During his visit to Johns Hopkins on Thursday, Vernon Foster sat among his own people—fellow ROTC members. Never mind the fact that Foster joined the ROTC 81 years ago.
Foster, a World War II veteran, visited the Johns Hopkins University ROTC Battalion to share stories of his time commanding tanks along the rivers, forests, and rubbled towns of Europe during the war's final years.
The now 98-year-old skirted death at several occasions. He fought in the Battle of the Bulge and in Colmar, traversing 2,600 miles by the time Germany surrendered. Some of those miles he logged under the command of U.S. Gen. George S. Patton. One German attack, near Strasbourg, "blew everything to pieces" and caught his tank on fire, Foster said. Half of his division was lost during the fighting there.
Some of the carnage Foster saw as a first lieutenant remains branded in his mind to this day. He described the difficulty of moving his tanks across roads covered in the wreckage from bombed-out homes and stables. Beneath the rubble of buildings, there were dead bodies—people, farm animals, pets.
"Can you imagine what that looked like?" he said.
For Foster, who lives in Parkton, Maryland, the military service was an interlude to a lifetime of farming. He found his way to the ROTC in 1936 at the University of Maryland, and later, after Pearl Harbor, was assigned to the Army's 12th Armored Division. In the fall of 1944, he was sent overseas.
Foster told the Hopkins group he recently discovered a stock of letters he'd sent to his wife during the war. She'd saved them through all the years, without his knowing.
In one letter, the young Foster had sworn to his wife he would "take no prisoners" with the Germans. In reality, that's not how things played out, he said Thursday.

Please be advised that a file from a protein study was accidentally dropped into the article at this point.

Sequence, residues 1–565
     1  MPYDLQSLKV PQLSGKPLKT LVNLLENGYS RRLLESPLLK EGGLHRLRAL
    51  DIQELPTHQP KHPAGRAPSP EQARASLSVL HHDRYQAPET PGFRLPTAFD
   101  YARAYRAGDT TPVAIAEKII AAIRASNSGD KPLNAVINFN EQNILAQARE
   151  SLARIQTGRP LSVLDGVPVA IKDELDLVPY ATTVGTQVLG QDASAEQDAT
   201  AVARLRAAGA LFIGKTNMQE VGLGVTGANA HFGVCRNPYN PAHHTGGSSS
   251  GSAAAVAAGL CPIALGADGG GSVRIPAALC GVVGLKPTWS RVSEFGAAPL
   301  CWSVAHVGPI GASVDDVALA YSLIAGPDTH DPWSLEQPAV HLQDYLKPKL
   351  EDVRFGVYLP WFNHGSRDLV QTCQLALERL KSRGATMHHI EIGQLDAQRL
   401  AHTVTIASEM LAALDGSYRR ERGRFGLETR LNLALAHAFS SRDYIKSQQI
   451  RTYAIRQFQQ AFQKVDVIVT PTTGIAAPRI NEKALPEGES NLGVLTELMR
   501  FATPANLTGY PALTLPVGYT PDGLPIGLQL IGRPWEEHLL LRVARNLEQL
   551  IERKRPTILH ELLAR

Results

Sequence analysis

"I didn't have the nerve to kill them … with their hands up like this, and weapons on the ground." He commanded his troops not to, either.
When the war was over, Foster went to the Dachau concentration camp.
"It was like they said it was," he told the cadets. "And I don't have to tell you about that."
The veteran also shared lighter tales about the war's end. At a work camp in Landsberg, Germany, he said, Foster and his men came across a group of Russian prisoners who were in high spirits—even after learning they could not be freed then. They broke out instruments and everyone joined in the music.
"They had all kinds of instruments … and they really had a good time," Foster said. "And we did, too."
Foster's invitation to the ROTC ceremony came via Stephen Belkoff, a Johns Hopkins professor of orthopaedic surgery. The two are friends through the 3rd Gunpowder Agricultural Club, and Belkoff has students in the ROTC.
Among the cadets Thursday, Foster said he can never help but feel moved by "people dressed up in uniforms."
"For some reason or other, something happens—I get tears in my eyes," he said. "I just don't get rid of it."